It is Government's tree management policy to promote a holistic greening approach, embracing adequate space allocation for new planting, proper selection of planting species, quality landscape design and planting practices as well as proper works implementation in the upstream and through regular monitoring of tree conditions and professional vegetation maintenance downstream.  The protection of public safety is a priority consideration.

My reply to Hon Chan's question is as follows:

(a) The Government adopts an "integrated approach" in tree management work.  In short, the department responsible for the maintenance of an area or a facility is also responsible for the maintenance of trees there.  We have also referred to the guidelines of the International Society of Arboriculture in formulating tree risk assessment methods.  Tree risk assessment is conducted in two stages.  In the first stage, which involves an "area basis" assessment, the departments will first identify those areas with high pedestrian or vehicular flow under their management.  In the second stage, which involves a "tree basis" assessment, the departments will conduct tree group inspections at locations with high pedestrian or vehicular flow and identify trees that are important or have problems for detailed inspection in order to reduce potential tree failure hazards that may endanger the general public.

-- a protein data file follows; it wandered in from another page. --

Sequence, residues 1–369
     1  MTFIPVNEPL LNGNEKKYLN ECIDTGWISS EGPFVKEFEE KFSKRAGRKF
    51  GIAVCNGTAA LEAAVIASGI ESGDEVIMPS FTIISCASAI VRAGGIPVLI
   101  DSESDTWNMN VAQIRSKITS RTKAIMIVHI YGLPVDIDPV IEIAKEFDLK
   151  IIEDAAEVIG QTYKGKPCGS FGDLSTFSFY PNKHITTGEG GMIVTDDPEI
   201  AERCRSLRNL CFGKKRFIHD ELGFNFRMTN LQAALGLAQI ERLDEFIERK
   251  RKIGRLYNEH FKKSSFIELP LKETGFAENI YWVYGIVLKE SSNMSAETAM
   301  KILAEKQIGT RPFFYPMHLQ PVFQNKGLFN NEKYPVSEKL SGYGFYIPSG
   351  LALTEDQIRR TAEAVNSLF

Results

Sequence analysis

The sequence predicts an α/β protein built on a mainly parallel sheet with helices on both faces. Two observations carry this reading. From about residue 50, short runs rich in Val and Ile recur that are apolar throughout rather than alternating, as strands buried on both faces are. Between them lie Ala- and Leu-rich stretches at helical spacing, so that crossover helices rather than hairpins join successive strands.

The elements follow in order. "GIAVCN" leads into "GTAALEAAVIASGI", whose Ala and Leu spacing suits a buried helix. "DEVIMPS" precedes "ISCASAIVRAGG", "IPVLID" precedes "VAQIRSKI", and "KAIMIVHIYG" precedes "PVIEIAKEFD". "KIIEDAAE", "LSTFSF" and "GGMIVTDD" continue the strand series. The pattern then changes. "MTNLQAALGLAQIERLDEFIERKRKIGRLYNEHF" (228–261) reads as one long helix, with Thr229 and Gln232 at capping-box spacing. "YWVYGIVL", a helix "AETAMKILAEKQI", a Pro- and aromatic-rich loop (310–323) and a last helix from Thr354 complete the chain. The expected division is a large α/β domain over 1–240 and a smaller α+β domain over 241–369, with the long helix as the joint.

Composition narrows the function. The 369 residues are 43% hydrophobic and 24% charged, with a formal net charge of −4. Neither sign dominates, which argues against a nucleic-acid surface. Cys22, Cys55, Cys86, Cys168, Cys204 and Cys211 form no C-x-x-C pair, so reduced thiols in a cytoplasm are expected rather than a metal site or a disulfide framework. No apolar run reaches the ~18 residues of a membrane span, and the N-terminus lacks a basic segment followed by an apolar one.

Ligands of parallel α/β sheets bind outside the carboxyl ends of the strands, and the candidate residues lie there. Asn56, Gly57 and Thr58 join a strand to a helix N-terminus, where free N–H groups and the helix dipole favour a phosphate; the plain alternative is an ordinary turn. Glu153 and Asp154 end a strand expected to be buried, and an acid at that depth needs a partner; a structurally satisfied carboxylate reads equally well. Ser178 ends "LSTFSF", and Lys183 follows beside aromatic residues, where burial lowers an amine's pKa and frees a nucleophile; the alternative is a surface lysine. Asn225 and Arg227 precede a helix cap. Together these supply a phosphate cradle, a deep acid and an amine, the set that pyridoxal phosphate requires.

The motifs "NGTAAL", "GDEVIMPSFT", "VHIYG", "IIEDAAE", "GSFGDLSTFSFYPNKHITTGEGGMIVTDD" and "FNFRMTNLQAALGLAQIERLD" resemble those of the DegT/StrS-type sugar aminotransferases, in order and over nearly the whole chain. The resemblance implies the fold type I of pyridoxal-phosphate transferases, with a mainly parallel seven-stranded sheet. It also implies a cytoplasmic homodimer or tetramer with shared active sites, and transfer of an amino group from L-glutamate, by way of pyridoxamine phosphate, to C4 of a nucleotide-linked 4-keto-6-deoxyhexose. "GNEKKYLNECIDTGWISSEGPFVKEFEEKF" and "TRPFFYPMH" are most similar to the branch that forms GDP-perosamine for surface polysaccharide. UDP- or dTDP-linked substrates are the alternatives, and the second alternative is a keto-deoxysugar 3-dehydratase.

In 2012, tree management departments inspected about 22,500 tree groups at locations with high pedestrian or vehicular flow and selected 5,011 trees among them for detailed inspection.  The departments undertook about 19,350 mitigation measures, including pruning, removing dead branches, controlling pests and diseases, and cabling and propping as support to trees.

We cannot provide comparable data for 2011 and 2010 as the data collection methods for these two years are different.  In 2011, the tree management departments inspected about 20,000 tree groups at locations with high pedestrian or vehicular flow and selected 7,400 trees amongst them for detailed inspection.  In 2010, the tree management departments conducted detailed inspections for about 1,500 trees.

(b) The Tree Management Office (TMO) of the Development Bureau has a staff of 16 people, comprising professional, frontline and clerical officers.  The TMO is responsible for formulating tree management policies, developing operational guidelines and co-ordinating the tree management work of various departments.  The number of staff responsible for tree management work in the tree management departments are as follows:

Name of Department                No. of Staff
------------------                            ------------

Agriculture, Fisheries and                    86
Conservation Department

Architectural Services Department       16

Civil Engineering and Development      14

Drainage Services Department           16

Highways Department                        23